Speaking of the availability of cybercafes, would you believe there are no internet kiosks in the International Terminal at JFK? Not even paid ones! I asked and was told I could join something called the Galileo Club at $50 a day, which would enable me to log on. Yet the poor oppressed people of the United States continue to believe that they have the highest standard of living in the world.

Paris is beautiful. My attempts to speak French have been laughed at, but not in a nasty way. Many people are away for the summer, so the streets are comfortably uncrowded. It’s our second day and we’ve already been to two museums, eaten excellent Israeli kebabs, and figured out what to say in order to get coffee that’s up to Sydney standards (that’s not for me, but for my addicted companion). Soon I’ll have grieved sufficiently over my laptop to be able to give you proper traveller’s tales. Au revoir for now

Travel Despatch 1

I’ve been in the US for five days, and here I am at three in the morning wide awake . The conference was so busy, my hours there were so odd, and I got so little ultraviolet on the back of my knees that there seems to have been no impact on my jetlag at all. I arrived in Manhattan yesterday at six in the evening, had checked into a (relatively) cheap hotel room on West 45th Street by eight, went to a nearby food outlet where I paid by the pound for some rice and chicken and watched a nice man on CNN  saying that racism exists in the US and is being deployed vigorously in the healthcare debate, and came back to the hotel expecting to sleep like a stone for 10 hours. At 12.30 I snapped awake, my body saying things like, ‘It’s two in the afternoon, you lazy sod, let’s walk the dog!’ If only I’d been this lively at 8.30 I might have gone to see some largely naked actors reciting Leaves of Grass or done something similarly appropriate.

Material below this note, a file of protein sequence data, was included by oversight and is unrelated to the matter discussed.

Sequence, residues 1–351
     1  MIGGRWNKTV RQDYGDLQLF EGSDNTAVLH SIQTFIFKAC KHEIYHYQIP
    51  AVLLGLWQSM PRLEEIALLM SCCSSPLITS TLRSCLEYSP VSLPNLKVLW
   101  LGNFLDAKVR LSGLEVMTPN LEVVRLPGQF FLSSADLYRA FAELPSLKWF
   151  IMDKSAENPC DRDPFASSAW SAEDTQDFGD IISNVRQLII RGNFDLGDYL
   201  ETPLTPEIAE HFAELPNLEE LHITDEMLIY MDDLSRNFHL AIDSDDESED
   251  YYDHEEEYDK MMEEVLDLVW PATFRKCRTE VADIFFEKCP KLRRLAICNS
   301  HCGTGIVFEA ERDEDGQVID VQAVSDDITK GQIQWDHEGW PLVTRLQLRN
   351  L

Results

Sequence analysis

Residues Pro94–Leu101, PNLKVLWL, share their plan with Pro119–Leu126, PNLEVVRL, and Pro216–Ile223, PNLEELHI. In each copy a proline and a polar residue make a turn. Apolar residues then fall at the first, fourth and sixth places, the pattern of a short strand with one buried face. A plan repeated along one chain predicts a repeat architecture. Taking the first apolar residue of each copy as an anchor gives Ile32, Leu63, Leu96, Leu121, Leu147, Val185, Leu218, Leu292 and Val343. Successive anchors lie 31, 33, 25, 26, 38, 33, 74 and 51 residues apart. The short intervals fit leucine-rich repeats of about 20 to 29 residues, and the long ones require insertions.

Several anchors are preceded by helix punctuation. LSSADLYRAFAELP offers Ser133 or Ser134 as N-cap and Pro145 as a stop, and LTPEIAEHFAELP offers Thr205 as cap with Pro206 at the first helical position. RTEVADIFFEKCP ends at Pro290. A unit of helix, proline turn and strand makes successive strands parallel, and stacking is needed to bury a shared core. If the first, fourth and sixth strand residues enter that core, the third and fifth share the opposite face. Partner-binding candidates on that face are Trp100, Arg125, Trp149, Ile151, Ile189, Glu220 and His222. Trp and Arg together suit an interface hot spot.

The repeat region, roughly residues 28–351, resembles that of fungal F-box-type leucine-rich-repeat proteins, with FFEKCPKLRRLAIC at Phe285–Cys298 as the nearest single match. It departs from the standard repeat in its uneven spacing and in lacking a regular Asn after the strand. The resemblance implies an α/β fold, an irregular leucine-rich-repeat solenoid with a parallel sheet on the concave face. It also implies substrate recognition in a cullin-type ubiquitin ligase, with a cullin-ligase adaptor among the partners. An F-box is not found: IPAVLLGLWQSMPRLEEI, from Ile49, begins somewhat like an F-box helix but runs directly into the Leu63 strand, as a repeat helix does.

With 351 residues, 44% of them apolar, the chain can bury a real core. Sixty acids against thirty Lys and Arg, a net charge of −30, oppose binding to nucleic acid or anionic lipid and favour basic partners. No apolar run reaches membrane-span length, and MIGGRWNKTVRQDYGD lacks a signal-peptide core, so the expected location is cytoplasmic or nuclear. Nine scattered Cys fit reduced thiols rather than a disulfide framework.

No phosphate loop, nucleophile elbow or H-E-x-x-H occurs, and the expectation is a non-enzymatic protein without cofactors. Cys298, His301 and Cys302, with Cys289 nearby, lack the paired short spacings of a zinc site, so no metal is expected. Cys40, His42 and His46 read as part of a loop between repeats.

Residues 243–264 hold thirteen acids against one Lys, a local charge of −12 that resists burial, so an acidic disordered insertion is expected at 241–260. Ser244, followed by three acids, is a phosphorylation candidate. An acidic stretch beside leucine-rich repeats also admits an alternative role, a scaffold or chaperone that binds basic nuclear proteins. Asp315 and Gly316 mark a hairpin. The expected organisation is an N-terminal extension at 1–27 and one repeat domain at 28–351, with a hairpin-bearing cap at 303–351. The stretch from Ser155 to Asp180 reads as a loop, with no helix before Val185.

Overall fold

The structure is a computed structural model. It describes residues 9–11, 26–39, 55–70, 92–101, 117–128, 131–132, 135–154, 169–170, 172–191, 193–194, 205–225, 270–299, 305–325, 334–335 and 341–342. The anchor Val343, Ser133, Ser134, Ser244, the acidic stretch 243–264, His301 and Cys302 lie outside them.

I don’t now what to tell you. There are squirrels in Connecticut, though I didn’t get out in the warm summer sun to see them until the end of the conference. An old friend there told me there was a TV ad for an insurance company that always reminded him of me — and lo, just before the nice anti-racist man came on CNN last night, there was the ad in question. The insurance company is called something like Geico, and the ad features a talking gecko. I couldn’t hear what he was saying (the anti-racist man had subtitles), but I was shocked to see what my old friend meant: apart from the Australian accent, and leaving aside the cute voice, the lizard attributes and the Jiminy Cricket gestures, the little green creature was unnervingly like me when I’m enjoying a bit of craic.

Apart from that little moment, everything here seems just a little bigger than necessary, and the Theatre Theater  District is dazzling: the Scottish restaurant on 42nd Street would have done a Busby Berkeley premiere proud.

My Mac’s screen is broken. I dropped it and next time I turned it on, there was a beautiful abstract design obscuring two thirds of the screen. I can still ue it, but there are ominous signs that even that remaining third is about to die. When daylight comes I’ll set out on what I expect to be a fruitless search for someone who will repair it before I have to  fly to Paris at 5 pm. Wish me luck!

OK, back to bed and Anna Karenina. Sadly it’s far too interesting so far to be a reliable soporific — I’m at the two thirds point, Anna and Vronsky are in Venice where things aren’t looking too good, and Levin and Kitty are discovering that the joys of marriage are quite other than they’d imagined. The fact that I’m reading it after the Book Group discussion only intensifies the weird sense that I’m reading for the first time something that I’ve known reasonably well for years — like meeting a good friend’s old friend.

Next time I write I expect I’ll be  France. It’s not a hard life.